Accused of theft in Colorado? Here is what you need to know.
In Colorado, state law uses the term theft as a general one to describe a number of crimes. These crimes include larceny, stealing, embezzlement, false pretenses or shoplifting. Lawmakers included all of these terms as theft to remove technicalities that used to make it difficult to prove these crimes. Arguably, this makes it easier for both the prosecution and defense to understand what the law requires to move forward with a defense or conviction.
What does the law require for the prosecution to move forward with theft charges?
The prosecution will essentially need to establish two things. First, that the accused took a piece of property. Second, that the accused intended to permanently take the property away from the other individual.
It is important to note that criminal charges can extend to those who did not actively partake in the crime. The prosecution could also press charges against those who fail to return stolen items.
What are the penalties for theft?
In Colorado, the penalty is generally determined by the value of the object involved in the crime. The law generally classifies objects stolen with a value under $50 as a Class 1 Petty Offense. Penalties include to 6 months in jail and $500 in fines. State law generally classifies a theft of objects with a value from $50 to $2,000 as misdemeanors. The charges and potential penalties for these crimes break down as followed: object at issue a value between $50 and $300 a Class 3 Misdemeanor with up to 6 months in jail and a $750 fine, $300 to $750 a Class 2 Misdemeanor with up to 1 year imprisonment and $1,000 in fines and $750 to $2,000 a Class 1 Misdemeanor with up to 1.5 years in prison $5,000 in fines.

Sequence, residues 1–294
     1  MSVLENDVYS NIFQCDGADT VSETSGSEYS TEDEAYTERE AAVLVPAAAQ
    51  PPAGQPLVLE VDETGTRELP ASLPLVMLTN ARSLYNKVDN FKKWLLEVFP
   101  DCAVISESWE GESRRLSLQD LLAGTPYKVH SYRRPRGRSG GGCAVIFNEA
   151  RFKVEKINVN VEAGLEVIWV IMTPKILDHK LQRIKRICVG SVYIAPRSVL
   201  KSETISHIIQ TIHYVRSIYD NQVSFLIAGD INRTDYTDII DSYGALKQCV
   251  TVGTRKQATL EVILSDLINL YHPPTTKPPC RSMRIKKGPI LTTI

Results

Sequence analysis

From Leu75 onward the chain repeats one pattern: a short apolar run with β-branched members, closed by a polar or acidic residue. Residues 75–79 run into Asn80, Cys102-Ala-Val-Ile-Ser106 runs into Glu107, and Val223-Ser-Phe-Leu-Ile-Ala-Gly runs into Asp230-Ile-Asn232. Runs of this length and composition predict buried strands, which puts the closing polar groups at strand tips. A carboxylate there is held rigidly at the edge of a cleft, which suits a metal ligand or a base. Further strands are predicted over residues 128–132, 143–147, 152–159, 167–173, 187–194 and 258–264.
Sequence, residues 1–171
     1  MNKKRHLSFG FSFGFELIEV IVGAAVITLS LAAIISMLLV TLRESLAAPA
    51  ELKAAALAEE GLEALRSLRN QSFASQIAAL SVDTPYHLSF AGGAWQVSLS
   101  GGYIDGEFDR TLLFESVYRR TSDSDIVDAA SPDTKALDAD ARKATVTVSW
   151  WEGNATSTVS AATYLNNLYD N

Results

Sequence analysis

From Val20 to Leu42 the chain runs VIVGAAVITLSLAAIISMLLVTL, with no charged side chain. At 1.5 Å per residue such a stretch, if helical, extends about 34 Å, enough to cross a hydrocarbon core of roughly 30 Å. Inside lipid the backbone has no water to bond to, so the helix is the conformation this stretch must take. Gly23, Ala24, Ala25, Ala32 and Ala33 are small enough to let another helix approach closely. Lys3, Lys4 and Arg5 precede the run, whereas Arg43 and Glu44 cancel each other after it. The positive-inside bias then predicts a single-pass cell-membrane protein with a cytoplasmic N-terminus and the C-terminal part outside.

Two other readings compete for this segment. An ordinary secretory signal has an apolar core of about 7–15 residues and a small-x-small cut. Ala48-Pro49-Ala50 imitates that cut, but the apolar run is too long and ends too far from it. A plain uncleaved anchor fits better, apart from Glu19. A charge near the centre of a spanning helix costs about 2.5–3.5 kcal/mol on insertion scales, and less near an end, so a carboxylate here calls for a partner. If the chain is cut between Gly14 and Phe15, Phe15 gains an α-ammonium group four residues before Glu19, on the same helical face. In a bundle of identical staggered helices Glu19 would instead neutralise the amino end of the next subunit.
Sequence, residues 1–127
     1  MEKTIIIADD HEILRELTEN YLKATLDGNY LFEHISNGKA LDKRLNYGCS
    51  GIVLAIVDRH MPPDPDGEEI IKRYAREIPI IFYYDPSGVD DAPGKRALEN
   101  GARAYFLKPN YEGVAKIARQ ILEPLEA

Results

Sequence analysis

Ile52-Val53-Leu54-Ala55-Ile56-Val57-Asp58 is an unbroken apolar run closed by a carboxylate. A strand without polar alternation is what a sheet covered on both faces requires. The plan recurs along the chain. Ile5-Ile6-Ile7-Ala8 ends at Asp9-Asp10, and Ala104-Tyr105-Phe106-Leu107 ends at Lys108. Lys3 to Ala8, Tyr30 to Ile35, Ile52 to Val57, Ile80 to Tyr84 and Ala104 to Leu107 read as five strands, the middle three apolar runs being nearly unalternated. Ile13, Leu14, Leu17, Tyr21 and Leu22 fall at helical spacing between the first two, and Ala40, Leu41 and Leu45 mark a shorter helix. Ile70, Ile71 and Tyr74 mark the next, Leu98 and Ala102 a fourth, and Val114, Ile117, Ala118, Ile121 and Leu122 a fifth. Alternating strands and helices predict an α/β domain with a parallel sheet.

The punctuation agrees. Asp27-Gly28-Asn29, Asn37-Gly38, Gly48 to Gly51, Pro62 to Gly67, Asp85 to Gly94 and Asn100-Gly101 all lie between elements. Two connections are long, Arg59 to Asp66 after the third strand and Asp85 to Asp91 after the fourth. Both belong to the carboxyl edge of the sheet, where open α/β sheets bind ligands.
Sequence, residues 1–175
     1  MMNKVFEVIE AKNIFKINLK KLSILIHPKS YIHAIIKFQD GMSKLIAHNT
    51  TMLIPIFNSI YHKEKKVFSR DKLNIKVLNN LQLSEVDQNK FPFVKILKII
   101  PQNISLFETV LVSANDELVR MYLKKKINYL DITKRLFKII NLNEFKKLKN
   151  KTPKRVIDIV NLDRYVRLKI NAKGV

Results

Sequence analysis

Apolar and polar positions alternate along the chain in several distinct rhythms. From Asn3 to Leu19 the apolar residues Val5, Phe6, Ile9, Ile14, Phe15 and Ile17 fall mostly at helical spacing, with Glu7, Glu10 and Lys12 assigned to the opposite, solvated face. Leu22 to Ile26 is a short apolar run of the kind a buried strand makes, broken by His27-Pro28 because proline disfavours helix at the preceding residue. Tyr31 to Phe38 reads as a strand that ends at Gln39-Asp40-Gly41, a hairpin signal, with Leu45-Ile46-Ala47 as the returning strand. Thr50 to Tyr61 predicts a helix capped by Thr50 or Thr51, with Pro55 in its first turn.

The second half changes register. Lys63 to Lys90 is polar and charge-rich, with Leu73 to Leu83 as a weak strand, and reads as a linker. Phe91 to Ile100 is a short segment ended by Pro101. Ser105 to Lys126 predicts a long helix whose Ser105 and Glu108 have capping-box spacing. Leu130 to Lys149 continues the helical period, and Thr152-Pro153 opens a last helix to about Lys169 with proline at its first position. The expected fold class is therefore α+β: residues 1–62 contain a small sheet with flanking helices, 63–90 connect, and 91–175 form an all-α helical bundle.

The accused can face felony charges when the object involved in the alleged theft has a value higher than $2,000. These charges break down as follows: $2,000 to $5,000 a Class 6 Felony punishable by up to 1.5 years in prison and $100,000 in fines, $5,000 to $20,000 a Class 5 Felony with up to 3 years in prison and $100,000 in fines, from $20,000 to $100,000 a Class 4 Felony and up to 6 years imprisonment and $500,000 in fines, $100,000 to $1 million a Class 3 Felony with up to 12 years imprisonment and a $750,000 fines and a value of over $1 million can face a Class 2 Felony with up to 24 years imprisonment and $1 million in fines.
The penalties are harsh. In some cases the fines may exceed the value of the stolen object. As a result, those who face allegations of a theft crime are wise to act to defend their freedom.
Are there defenses to theft charges?
Yes. There are many defenses available for those who are accused of a theft crime. These can include duress, involuntary intoxication, an impaired mental condition and insanity. Age can also be a factor. In most cases, the state cannot charge a child under the age of ten with a theft crime. The right defense strategy will depend on the details of the allegations. It is wise to seek legal counsel to explore these and other options to better ensure your legal rights are protected throughout the process.